Loneliness is a real issue for residents in nursing homes. They are far from their families and everything familiar. Even though they are surrounded by people—residents and staff who sometimes become cherished friends—there is no replacement for family. Family and friends are important for residents’ emotional, and even physical, well-being.
But it’s hard to visit when Grandma is in later stages of dementia and can no longer communicate. You feel uncomfortable and not sure how to fill the silence. Does your presence even make a difference?
The answer is yes. Your loved one is still there underneath the dementia or other illness, and family visits help her connect to the person she used to be. Regular visits from family and friends are essential in keeping that connection alive.
Here are five tips to help you pay a meaningful visit to your loved one:
1. Come at a good time
Schedule and consistency is very important for seniors, especially seniors with dementia. Make sure to come at a time when your visit will not interfere with your loved one’s schedule. The afternoon is usually the best time to visit. In the morning, the staff is busy getting the residents dressed and ready for the day. Your relative may feel uncomfortable if you’re present while they are being attended to. If you’re not sure when the best time to visit is, call ahead to find out. The nurses can also tell you when your loved one is at his or her best.
2. Bring family photos or the local newspaper
Bring along snapshots of people and places in their lives to help residents feel more connected. You can bring family photos to show off, and update your relative on the lives of loved ones. You may want to compile a photo album or scrapbook with both old and new photographs. Your relative can flip through the snapshots when you’re not there, and nurture the connection to his past life. Photos from when he was young are especially helpful, since dementia patients often remember their youth much better than their adult life. You can even personalize her room with family photos, favorite wall art, decorative pillows, and knikknacks that are meaningful to her.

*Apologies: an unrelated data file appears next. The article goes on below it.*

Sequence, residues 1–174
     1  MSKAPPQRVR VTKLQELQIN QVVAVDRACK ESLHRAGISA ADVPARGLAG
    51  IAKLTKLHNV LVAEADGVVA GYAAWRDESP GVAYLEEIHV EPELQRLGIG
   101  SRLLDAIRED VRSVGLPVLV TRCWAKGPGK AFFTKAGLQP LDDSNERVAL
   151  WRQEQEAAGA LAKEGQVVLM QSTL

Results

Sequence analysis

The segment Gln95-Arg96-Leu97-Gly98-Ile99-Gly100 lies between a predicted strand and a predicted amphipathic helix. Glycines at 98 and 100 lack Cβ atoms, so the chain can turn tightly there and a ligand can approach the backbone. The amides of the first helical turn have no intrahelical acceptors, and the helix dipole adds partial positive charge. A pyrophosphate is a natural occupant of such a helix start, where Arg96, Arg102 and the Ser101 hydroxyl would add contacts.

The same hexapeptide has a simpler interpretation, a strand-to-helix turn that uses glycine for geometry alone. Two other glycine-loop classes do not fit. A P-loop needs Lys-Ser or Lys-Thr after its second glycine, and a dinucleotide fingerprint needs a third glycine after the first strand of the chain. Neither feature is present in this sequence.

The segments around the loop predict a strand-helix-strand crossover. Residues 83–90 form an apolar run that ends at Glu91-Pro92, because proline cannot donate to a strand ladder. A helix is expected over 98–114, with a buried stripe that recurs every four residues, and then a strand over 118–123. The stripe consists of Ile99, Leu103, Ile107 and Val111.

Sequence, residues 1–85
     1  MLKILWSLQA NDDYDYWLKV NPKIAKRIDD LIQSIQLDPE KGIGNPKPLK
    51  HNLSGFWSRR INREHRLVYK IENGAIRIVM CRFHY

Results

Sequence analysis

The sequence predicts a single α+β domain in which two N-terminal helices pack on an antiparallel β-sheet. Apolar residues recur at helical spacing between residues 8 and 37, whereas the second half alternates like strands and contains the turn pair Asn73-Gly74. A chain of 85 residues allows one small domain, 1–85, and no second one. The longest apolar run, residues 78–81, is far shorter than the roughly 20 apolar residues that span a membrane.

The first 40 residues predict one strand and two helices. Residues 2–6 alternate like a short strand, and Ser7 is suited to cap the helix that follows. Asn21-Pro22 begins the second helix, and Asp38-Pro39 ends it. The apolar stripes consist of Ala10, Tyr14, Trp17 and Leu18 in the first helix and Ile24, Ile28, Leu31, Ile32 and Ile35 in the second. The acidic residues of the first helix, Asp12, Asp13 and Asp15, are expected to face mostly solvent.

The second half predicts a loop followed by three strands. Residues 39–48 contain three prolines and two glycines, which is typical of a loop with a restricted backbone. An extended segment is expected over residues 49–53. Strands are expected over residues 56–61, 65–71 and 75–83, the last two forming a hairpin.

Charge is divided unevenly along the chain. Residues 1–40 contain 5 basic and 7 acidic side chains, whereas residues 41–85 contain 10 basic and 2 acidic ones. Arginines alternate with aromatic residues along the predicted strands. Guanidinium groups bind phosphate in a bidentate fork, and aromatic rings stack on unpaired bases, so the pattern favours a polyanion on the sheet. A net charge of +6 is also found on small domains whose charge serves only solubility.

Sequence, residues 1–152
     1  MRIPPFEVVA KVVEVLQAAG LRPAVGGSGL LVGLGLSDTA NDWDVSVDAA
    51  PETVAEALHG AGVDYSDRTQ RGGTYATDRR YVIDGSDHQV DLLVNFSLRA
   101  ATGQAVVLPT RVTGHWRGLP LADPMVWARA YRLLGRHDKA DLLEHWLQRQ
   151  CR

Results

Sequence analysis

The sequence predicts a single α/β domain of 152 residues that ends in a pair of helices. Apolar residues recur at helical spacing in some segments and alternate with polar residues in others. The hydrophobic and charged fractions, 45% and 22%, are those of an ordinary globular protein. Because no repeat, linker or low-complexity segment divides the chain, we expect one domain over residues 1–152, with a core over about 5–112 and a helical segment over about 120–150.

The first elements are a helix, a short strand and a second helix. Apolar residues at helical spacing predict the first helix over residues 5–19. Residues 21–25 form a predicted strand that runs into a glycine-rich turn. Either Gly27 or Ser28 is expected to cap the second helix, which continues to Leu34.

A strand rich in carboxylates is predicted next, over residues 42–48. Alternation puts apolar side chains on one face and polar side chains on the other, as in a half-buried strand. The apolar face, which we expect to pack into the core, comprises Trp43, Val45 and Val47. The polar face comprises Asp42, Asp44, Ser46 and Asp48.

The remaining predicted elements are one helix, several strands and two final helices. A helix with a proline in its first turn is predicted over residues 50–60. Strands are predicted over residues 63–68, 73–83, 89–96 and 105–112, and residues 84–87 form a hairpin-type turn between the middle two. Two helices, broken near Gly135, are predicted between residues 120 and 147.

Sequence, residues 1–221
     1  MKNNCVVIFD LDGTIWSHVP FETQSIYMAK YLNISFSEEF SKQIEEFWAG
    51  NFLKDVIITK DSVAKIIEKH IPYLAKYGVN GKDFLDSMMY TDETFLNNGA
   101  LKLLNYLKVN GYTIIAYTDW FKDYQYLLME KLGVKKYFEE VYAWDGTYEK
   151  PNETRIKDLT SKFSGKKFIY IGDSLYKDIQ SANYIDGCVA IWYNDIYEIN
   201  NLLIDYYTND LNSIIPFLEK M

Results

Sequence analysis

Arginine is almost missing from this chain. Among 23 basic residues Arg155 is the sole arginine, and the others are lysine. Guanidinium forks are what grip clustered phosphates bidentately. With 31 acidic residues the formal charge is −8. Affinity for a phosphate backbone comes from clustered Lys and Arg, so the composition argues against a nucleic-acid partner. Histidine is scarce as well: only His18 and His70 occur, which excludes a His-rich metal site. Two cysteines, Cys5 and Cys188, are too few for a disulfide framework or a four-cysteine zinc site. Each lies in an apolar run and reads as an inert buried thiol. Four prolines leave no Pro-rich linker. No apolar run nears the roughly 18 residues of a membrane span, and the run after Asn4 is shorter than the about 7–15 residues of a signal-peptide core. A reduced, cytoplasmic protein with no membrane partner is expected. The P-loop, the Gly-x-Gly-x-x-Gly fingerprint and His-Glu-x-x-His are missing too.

You can also bring the local newspaper from their community and read sections they may be interested in. If Dad was an avid sports fan, you can read the sports news and scores for his favorite teams. Even if your loved one can’t respond, just hearing about topics they used to enjoy may bring them comfort.
3. Go for a stroll
If your relative is up to it, take them on a walk around the facility. If the weather is nice, you can take them outside. Our gardens and patios at the different Regency facilities are stunning year-round, and residents and their guests enjoy sitting outside and imbibing the calming effects of our lovely campuses.
4. Bring children along
Don’t be scared to bring children to the facility. Children are natural icebreakers, and their lack of inhibition helps with awkward moments. Bring along something for them to do, such as a picture book or small project. New readers can practice their reading skills with Grandma, or tell about new things they’ve learned.
5. Touch a lot
Affectionate touch is a basic human need. Most of the touch your loved one is getting, while gentle, is for care and hygiene only. Give them a lot of hugs during your visit. Try massaging his hand gently or giving her a back rub.
Bonus Tip: Act natural
Be yourself, that’s who your relative wants to see. It may be hard to see your loved one’s mental and physical abilities deteriorate, but make sure to act real. Speak slowly and clearly if their hearing is impaired, but don’t patronize them or speak to them like a child. Treat them naturally, with the respect and dignity they deserve!